LONDON (Reuters) – Prime Minister Boris Johnson lost influence over Britain’s withdrawal from the European Union on Monday when a law came into force demanding he delay Brexit until 2020 unless he can strike a divorce deal at an EU summit next month.
It was unclear what Johnson’s next move in the Brexit crisis would be: while the law will oblige him to seek a delay unless he can strike a new deal, EU leaders have repeatedly said they have received no specific proposals.
As Johnson tries to break the deadlock in London, he will ask parliament a second time for an early general election but is likely to be defeated in a vote at around 2230 GMT on Monday. He will then suspend parliament until Oct. 14.
Brexit, the United Kingdom’s most significant geopolitical move in decades, remains in question more than three years since the 2016 referendum, with possible outcomes ranging from an exit on Oct. 31 without a withdrawal agreement to smooth the transition, to abandoning the whole endeavour.
The bill seeking to block a no-deal exit, passed into law on Monday when it received assent from Queen Elizabeth, will force Johnson to seek a three-month extension to the Oct. 31 deadline unless parliament has either approved a deal or consented by Oct. 19 to leave without one.
“I’m absolutely undaunted by whatever may take place in parliament,” Johnson said in Dublin ahead of talks with Irish Prime Minister Leo Varadkar.
“We must get Brexit done because the UK must come out on October 31, or else I fear that permanent damage will be done to confidence in our democracy in the UK,” Johnson said.
Johnson took over as prime minister in July after his predecessor Theresa May failed to push the Withdrawal Agreement through parliament.
Since then, Britain’s three-year Brexit crisis has stepped up a gear, leaving financial markets and businesses bewildered by a array of striking political decisions that diplomats compare to the style of U.S. President Donald Trump.
BlackRock, a U.S. investment firm that manages $6.8 trillion of assets, said a no-deal Brexit or a referendum had become more plausible.
Against the dollar, the pound trimmed gains to stand up 0.3% on the day at $1.2323. It jumped to a six-week high of $1.2385 in London trading after economic data beat forecasts.
HOUSE OF BREXIT
House of Commons Speaker John Bercow, champion of parliament in its move to rein in the prime minister over Brexit, took a veiled swipe at Johnson as he announced on Monday he would stand down from the role, issuing a warning to the government not to “degrade” parliament.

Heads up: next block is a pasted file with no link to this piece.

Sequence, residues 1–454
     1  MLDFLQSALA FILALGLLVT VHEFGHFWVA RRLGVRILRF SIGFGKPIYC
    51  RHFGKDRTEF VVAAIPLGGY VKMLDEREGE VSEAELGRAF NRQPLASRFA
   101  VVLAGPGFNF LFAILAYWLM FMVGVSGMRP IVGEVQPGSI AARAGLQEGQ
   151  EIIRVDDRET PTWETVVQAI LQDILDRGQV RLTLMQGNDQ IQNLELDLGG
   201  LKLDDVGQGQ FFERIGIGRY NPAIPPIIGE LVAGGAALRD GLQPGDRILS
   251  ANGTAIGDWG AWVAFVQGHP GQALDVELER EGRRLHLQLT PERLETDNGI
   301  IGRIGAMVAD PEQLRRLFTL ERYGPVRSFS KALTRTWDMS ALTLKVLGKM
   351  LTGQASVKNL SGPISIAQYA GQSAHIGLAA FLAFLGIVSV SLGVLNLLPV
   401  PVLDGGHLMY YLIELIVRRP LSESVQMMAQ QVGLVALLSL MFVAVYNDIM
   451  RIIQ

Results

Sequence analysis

Johnson, a former journalist who derided the EU and later became the face of the 2016 Vote Leave campaign, has repeatedly promised to deliver Brexit on Oct. 31 and has said he will not countenance any delay.
Ireland told Johnson on Monday that he must make specific proposals on the future of the Irish border if there is to be any hope of averting a no-deal Brexit, saying Dublin cannot rely on simple promises.
“In the absence of agreed alternative arrangements, no backstop is no deal for us,” Varadkar, standing beside Johnson outside the Irish government, told reporters. “We are open to alternatives, but they must realistic ones, legally binding and workable and we haven’t received such proposals to date.”
The blunt remarks by Varadkar indicate the difficulty of Johnson’s gamble of using the threat of a no-deal exit to convince Germany and France that they must rewrite an exit agreement struck last November.
“I want to find a deal, I want to get a deal,” Johnson said in Dublin, adding that there was plenty of time to find one before the Oct. 17-18 EU summit.
The law that came into force on Monday does allow for one scenario in which a no-deal Brexit could take place on Oct. 31 – if parliament approved a no-deal exit by Oct. 19.
However the current parliament would be unlikely to switch stance and approve a no-deal exit by then, and Johnson’s opponents are resisting an early election that might change the make-up of parliament.
Additional reporting by Paul Sandle, William James, Kylie MacLellan and Kate Holton; Writing by Guy Faulconbridge; Editing by Frances Kerry